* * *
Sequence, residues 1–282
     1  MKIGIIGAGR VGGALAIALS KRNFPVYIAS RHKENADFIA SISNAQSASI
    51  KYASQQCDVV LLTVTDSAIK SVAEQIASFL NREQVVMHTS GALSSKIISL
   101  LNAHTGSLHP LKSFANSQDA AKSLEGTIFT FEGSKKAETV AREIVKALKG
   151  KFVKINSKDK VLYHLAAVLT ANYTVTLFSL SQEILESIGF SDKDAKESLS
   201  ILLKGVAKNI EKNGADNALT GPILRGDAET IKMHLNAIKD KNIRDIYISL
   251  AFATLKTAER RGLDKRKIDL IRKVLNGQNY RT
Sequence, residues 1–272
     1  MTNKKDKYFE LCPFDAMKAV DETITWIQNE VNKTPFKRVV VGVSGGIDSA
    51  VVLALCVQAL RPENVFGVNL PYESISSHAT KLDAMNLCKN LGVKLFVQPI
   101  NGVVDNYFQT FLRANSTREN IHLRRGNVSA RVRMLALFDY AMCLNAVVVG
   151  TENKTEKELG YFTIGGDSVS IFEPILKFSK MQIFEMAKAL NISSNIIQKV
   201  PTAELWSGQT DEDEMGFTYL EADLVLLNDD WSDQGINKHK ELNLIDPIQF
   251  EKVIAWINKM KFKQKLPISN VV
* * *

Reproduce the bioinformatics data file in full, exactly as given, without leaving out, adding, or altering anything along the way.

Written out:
Sequence, residues 1–282
     1  MKIGIIGAGR VGGALAIALS KRNFPVYIAS RHKENADFIA SISNAQSASI
    51  KYASQQCDVV LLTVTDSAIK SVAEQIASFL NREQVVMHTS GALSSKIISL
   101  LNAHTGSLHP LKSFANSQDA AKSLEGTIFT FEGSKKAETV AREIVKALKG
   151  KFVKINSKDK VLYHLAAVLT ANYTVTLFSL SQEILESIGF SDKDAKESLS
   201  ILLKGVAKNI EKNGADNALT GPILRGDAET IKMHLNAIKD KNIRDIYISL
   251  AFATLKTAER RGLDKRKIDL IRKVLNGQNY RT
Sequence, residues 1–272
     1  MTNKKDKYFE LCPFDAMKAV DETITWIQNE VNKTPFKRVV VGVSGGIDSA
    51  VVLALCVQAL RPENVFGVNL PYESISSHAT KLDAMNLCKN LGVKLFVQPI
   101  NGVVDNYFQT FLRANSTREN IHLRRGNVSA RVRMLALFDY AMCLNAVVVG
   151  TENKTEKELG YFTIGGDSVS IFEPILKFSK MQIFEMAKAL NISSNIIQKV
   201  PTAELWSGQT DEDEMGFTYL EADLVLLNDD WSDQGINKHK ELNLIDPIQF
   251  EKVIAWINKM KFKQKLPISN VV